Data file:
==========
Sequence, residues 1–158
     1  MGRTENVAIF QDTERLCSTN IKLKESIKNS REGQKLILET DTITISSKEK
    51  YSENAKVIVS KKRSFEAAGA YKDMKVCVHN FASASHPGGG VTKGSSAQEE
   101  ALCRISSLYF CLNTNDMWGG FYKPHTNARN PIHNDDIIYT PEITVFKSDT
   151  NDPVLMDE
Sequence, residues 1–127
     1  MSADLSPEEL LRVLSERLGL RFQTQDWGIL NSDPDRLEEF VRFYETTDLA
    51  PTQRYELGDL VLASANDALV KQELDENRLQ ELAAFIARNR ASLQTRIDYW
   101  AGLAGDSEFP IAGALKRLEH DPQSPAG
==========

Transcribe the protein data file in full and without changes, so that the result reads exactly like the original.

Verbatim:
Sequence, residues 1–158
     1  MGRTENVAIF QDTERLCSTN IKLKESIKNS REGQKLILET DTITISSKEK
    51  YSENAKVIVS KKRSFEAAGA YKDMKVCVHN FASASHPGGG VTKGSSAQEE
   101  ALCRISSLYF CLNTNDMWGG FYKPHTNARN PIHNDDIIYT PEITVFKSDT
   151  NDPVLMDE
Sequence, residues 1–127
     1  MSADLSPEEL LRVLSERLGL RFQTQDWGIL NSDPDRLEEF VRFYETTDLA
    51  PTQRYELGDL VLASANDALV KQELDENRLQ ELAAFIARNR ASLQTRIDYW
   101  AGLAGDSEFP IAGALKRLEH DPQSPAG